It’s been a lo-o-o-ng winter here in Portland, Maine. Now nearly March, snow tickles the windowsills and blackens the streets. People warned us of the ugliness of this time when we moved here five years ago. They urged us to look inward, to remember that spring is on its way, to ignore the permafrost on every surface in this salt-lick of a city. But in truth, the snow itself, the mountainous banks lining every parking lot, even soot-gray, are a novelty.
There is something to be said for the beauty of wintertime, even its filthy, leftover state. The sting of arctic air on your face, its burn in your lungs. The complete silence of night (apart from the ever-present plows). It’s precisely this time of year when I find myself thinking thoughts both profound and plebian. And as such, have been finding new ways of not just amusing myself, but reusing some of the things I’ve come to love. So in full-circle fashion (pun intended), I just had to share.
When the crotch of my most favorite jeans blew out, and then ripped again (after the first mending), I knew they were not long for this world. But rather than toss them outright – perish the thought! – I carefully folded and placed them in the preserving sarcophagus that is the blanket chest at the foot of my bed. Where they lay, still as night, for the past ooh 2 months. But even out of sight, they were never far out of mind. Each time I reached for their lesser brethren, I thought about those jeans – oh yes I did, until finally, two weeks ago, I resurrected them in the form of a skirt.
It couldn’t have been easier, either. Take your jeans and cut the legs across – as long or short as you like, slightly longer if you’re going to hem your skirt. Next, open the seam along each leg, cutting up the leg all the way to the crotch, and across, and finally cutting the tiny front part that looks a bit like a profile nose. Lay the skirt flat. Open up the two cut-off pieces, and one side at a time, position the material to fill in the triangular opening between the legs. Pin into place. Cut away excess if needed (it can be a bit bulky), then stitch. Once the panels are sewn into place, trim the excess more carefully. Flip over and repeat. Hem, if desired. NOTE: you DO NOT need a sewing machine to do this. Although I have one, I actually prefer hand stitching because I’m more confident in the quality. Yes, it takes longer, but with all this freaking snow what else are you doing?!
NEXT! Before making my skirt, I’d actually reinvented my favorite green sweater, which had sprung an irreparable hole in the bodice. So what did I do, but cut off the sleeves and neck and stitch them onto a t shirt! Yes!!
Again, it was so (sew) easy. Simply turn your sweater inside out, so you can see the seams. Carefully cut the sleeves off, making sure to keep the stitched seam intact, but cutting close so there’s no excess. Then place over the short sleeve of your chosen t-shirt and stitch, seam to seam. I kept my sleeves inside out because I liked the look better. You may have a little extra sweater depending on how fitted the sleeves are. This project really works best with fitted sleeve sweaters. If there is excess fabric, however, gather the extra fabric at the top of the shoulder and carefully stitch small pleats if possible to achieve a princess type cap. I did it all by hand and it didn’t take long at all. I’m super pleased with how well it turned out – and it was so easy!! Cannot recommend it enough.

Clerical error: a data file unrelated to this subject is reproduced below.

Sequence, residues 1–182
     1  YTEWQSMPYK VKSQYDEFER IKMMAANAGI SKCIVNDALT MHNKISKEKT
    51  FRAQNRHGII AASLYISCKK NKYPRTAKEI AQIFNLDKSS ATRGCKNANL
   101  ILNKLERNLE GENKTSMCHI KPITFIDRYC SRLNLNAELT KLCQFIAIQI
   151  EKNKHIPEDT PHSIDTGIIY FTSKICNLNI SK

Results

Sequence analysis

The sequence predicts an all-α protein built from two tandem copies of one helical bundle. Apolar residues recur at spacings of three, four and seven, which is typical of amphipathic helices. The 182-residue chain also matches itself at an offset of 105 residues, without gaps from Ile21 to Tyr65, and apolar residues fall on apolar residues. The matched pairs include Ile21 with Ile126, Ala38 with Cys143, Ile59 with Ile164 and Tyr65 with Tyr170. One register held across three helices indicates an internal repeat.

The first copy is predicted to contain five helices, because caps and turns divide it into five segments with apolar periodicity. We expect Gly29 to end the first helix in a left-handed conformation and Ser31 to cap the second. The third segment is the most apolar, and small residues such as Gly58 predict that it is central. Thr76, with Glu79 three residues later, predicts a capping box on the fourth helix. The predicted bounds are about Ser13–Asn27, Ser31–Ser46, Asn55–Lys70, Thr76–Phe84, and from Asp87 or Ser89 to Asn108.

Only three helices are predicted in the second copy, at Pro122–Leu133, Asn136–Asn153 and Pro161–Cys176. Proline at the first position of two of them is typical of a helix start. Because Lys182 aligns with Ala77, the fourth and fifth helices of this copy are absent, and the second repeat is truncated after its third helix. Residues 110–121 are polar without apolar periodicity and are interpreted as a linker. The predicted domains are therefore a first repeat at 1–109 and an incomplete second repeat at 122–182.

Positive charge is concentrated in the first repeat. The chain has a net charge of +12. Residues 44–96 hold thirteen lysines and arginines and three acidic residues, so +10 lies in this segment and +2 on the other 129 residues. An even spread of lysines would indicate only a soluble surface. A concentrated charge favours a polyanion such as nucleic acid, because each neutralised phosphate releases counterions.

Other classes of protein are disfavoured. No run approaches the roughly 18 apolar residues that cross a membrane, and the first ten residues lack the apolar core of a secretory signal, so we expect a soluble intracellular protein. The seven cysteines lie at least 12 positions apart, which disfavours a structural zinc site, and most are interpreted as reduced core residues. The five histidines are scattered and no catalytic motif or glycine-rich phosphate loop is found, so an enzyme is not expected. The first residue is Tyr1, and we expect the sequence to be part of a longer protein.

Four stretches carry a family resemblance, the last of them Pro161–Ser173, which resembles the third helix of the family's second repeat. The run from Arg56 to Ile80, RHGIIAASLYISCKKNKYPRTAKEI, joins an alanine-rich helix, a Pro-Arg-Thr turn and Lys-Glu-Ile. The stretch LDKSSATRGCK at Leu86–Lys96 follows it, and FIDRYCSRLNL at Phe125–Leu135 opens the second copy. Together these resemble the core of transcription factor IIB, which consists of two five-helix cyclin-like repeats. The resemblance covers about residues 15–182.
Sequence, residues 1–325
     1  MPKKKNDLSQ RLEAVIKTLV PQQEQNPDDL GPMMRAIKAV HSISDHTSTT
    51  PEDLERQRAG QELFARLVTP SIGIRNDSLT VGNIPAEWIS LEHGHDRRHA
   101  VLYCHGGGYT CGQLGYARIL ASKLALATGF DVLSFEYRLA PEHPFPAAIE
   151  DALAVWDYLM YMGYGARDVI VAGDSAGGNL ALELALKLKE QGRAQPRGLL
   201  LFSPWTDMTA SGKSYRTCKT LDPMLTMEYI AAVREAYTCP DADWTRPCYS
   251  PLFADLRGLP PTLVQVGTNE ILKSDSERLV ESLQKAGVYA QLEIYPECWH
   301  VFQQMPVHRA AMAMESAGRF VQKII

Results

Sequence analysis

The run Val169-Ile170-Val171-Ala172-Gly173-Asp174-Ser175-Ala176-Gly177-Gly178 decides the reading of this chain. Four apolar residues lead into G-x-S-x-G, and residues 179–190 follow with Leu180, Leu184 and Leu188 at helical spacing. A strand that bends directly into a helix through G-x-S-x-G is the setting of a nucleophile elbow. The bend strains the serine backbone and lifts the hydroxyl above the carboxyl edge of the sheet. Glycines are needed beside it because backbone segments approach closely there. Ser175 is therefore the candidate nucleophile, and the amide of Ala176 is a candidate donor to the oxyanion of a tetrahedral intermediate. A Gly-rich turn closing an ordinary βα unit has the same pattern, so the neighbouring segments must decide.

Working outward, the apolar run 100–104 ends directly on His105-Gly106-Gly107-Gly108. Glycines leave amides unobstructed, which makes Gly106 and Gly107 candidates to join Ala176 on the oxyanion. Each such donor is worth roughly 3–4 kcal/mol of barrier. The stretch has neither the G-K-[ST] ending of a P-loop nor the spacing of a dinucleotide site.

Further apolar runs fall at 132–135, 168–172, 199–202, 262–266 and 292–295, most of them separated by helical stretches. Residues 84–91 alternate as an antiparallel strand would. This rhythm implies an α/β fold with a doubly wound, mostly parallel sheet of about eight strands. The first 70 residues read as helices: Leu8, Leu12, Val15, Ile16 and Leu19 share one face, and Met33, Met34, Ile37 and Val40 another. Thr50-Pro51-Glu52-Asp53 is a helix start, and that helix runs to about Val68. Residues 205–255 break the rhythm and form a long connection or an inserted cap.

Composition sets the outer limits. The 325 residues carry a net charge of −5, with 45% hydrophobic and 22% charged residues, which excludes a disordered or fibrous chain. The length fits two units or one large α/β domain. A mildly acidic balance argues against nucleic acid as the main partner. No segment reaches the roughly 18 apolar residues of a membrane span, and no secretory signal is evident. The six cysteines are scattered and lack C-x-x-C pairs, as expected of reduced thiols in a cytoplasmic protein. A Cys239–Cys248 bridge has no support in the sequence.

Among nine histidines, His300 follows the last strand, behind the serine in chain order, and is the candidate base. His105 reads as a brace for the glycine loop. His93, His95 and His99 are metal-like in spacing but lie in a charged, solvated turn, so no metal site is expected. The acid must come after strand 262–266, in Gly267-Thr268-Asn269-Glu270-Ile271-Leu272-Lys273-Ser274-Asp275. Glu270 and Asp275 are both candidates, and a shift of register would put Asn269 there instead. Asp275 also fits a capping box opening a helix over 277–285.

PS: I loved the first one so much, I went on to make FIVE more!!
So after crafting all these new t-shirt/sweater tops, I had a bunch of excess material. Being a thrifty gal, I didn’t want to just toss it. But what to do, what to do..? Well, my head sure gets cold in these below-freezing temps… how ’bout a new hat?!
Simply cut the turtlenecks off of two already-dissected sweaters. Turn the larger of the two inside-out, then carefully stitch the seam end shut. Place the slightly smaller one inside the other, stitching the seam end to the now closed top. Flip right side out. Turn up the cuff material. and POOF! Snug as a bug in a sweater-hat rug! PS: The crocheted roses were upcycled from another old hat and provide the perfect finishing touch. If you don’t have something similar, I’d suggest some feathers, a thrifted brooch, or even a felted flower made from.. you guessed it – another recycled sweater!
Last but not least, I used the remaining portion of one of the sweaters to make a fabulously functional pair of pink mittens.
To make the mittens, I laid the sweater bodice flat, and used a sharpie (in a similar shade) to sketch around my hand, starting from the gathered base. Remember to leave a space between your skin and the edge, so you have a good margin to stitch in. Pin the pattern in place – through both layers! – then cut carefully along the marker line. Turn inside or out, depending upon which side you want to show. I wanted my mittens to look “rustic” so I left them as is. Stitch along the edge, being careful to double-up stitches at the cuffs, so they don’t unravel when pulling them on and off. I made the cuffs of my mittens skinny for two reasons. One, so that they would fit extra-snuggly, keeping all the warm air inside against my skin. And two, because my daughters have a tendency to borrow (steal) my mittens, I wouldn’t worry about them falling off and getting lost in the snow. WIN!
Winter is far more than a time to hibernate, especially in the far northern climes. Much like a butterfly emerging from its cocoon, these months of isolation can stimulate new growth and enterprise. It can be a time of reinvention, of reuse, of creation in its purest form. And what better source for materials than things you already have on hand? Just because something springs a hole, gets pilly, or looks a bit outdated, doesn’t mean it’s lost its usefulness, form, or function. You simply need to think, to see what lies below the surface. And soon rebirth will come.